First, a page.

Friday, 25 May 2018

Experts Urge Lupus Patients to Always Consult their Doctors

Lauretta Omosogha



Experts from Labalaba Foundation for Lupus Awareness and Advocacy has urged patients to make their doctors their best friends and go for constant check up.

The foundation made this call in collaboration with  Rheumatology and Dermatology Clinics of Lagos University Teaching Hospital (LUTH) and the  Lagos State University Teaching Hospital on World Lupus Day 2018 held at LUTH Idi-Araba Lagos.

Part of its aim was to raise awareness and make a difference for people affected by Lupus in Nigeria. Consultant Dermatologist and Genito-Urinary Physician, LUTH, Dr. Ayesha Akinkugbe, says lupus knows no boundaries. It affects anyone on any organ anywhere in the world.

She described lupus as a chronic, complex and autoimmune disease that affects millions worldwide. “More than 90% of people with lupus are women; the majority are diagnosed between the ages of 15 to 44.”

As a Senior Lecturer, Faculty of Clinical Sciences, Clollege of Medicina Unilag, Akinkugbe expressed that women of African descent were especially at risk more than the men.

Her words: “In lupus, the immune system, which is designed to protect against infection, creates antibodies that attack the body’s own tissues and organs like the kidneys, brain, heart, lungs, blood, skin, and joints.”

She warned against some symptoms: constant malaria, fever, typhoid, rashes on faces and body (causes itching), weakness anaemia, convulsion, mouth and throat sore, chest pain, headache and loss of concentration among others.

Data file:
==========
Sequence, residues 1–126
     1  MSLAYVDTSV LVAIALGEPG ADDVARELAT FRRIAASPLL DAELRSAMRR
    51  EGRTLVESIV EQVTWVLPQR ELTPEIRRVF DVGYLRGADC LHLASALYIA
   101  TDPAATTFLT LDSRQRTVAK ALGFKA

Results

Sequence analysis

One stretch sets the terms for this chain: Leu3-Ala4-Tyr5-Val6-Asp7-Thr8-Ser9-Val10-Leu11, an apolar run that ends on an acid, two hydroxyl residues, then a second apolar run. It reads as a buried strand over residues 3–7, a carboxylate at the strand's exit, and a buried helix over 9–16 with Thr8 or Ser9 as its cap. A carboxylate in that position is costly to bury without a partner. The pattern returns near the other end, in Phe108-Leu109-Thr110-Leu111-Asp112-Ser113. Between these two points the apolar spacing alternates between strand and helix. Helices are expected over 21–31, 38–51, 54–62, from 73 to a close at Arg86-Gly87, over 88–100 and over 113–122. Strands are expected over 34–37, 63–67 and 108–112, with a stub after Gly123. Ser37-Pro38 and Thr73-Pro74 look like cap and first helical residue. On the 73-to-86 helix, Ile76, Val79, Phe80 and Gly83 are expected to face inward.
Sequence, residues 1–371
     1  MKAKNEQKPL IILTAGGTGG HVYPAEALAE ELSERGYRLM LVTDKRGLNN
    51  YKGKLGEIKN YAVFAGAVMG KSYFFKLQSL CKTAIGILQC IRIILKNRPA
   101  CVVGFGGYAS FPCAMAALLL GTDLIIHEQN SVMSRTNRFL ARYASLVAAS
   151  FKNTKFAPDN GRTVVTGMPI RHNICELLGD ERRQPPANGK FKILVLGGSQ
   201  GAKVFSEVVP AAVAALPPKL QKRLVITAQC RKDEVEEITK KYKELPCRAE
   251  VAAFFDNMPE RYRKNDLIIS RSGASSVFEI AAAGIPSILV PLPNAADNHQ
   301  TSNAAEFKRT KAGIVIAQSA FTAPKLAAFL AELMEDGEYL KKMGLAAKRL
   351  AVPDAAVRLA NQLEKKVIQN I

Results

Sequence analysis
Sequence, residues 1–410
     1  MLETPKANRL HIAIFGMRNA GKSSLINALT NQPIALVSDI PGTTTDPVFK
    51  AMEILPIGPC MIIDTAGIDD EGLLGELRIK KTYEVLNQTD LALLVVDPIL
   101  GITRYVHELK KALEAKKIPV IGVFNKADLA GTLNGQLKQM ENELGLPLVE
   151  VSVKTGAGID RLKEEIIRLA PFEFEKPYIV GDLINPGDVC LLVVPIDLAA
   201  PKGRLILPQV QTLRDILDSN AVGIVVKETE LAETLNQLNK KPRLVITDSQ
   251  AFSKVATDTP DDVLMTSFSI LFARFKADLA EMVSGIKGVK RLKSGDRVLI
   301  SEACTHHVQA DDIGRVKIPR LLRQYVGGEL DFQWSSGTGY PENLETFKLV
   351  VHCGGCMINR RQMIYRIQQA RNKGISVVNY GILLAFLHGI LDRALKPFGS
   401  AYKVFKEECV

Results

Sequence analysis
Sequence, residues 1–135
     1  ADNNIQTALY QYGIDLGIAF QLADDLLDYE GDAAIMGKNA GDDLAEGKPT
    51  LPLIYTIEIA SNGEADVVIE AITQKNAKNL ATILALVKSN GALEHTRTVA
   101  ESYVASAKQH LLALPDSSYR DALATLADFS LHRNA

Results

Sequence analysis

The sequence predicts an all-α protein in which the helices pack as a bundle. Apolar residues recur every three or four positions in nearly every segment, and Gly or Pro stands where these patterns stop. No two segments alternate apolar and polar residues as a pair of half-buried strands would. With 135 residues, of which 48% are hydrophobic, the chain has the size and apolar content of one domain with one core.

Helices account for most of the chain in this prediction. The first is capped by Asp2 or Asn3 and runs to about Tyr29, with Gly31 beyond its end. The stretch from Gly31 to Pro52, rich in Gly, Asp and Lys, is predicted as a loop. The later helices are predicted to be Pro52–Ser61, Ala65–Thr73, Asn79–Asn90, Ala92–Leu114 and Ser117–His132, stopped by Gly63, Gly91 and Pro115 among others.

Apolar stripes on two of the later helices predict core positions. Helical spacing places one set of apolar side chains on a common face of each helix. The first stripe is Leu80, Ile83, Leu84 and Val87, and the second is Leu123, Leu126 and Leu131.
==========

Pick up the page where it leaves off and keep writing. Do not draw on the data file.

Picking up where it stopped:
According to her, “Global Prevalence of lupus also know as Systemic Lupus Erythematosus (SLE) lies between 0.02% and 0.15%. The incidence and prevalence is two to three times more in Africans and Asians than in Caucasians."

The expert further said that the epidemiology of lupus in Nigeria and Africa is largely undetermined, and the perception persists that the incidence is very low.

“Recent studies as well as our own experience suggest that significant numbers of Nigerian patients are presenting with SLE. University of Ibadan reports about 100,000 cases in Nigeria a year.”

Accordingly, she said that lupus accounted for 5.28% of all the 1,250 rheumatology cases seen over the study period of six years. “Females constituted 95.5% of the cases seen. And the age range was 17 and 55 years.”

“A recent study found that lupus has become one the top causes of death of young women between 15 and 24 years olds. This can be attributed to lack of societal awareness; therefore the awareness effort in Nigeria must become more aggressive,” the Dermatologist said.

Hence, through the Labalaba Foundation, rheumatologists have assured patients that they are committed to improving the quality of life of all people affected by lupus and their families through education, advocacy and support that will engage the healthcare community and the society at large.

Akingugbe added: “The Labalaba Foundation envisions a Nigeria where everyone is informed about lupus and lupus patients can aspire to long productive lives, until a cure is found.”

Speaking also, Professor of Medicine and Consultant Rheumatologist at LASUTH, Olufemi Adelowo, said the cause of lupus remaimed unknown, though there are many hypotheses.

He said: “One thing that is certain is that the disease results from a malfunction of the protective system. Some persons and families appear prone to these conditions.”

He decried, however, that the drugs for lupus is expensive. “Because there is increase rate of lupus, we need more drugs for treatment; but they are expensive. And many of the drugs in Nigeria are said to be fake.”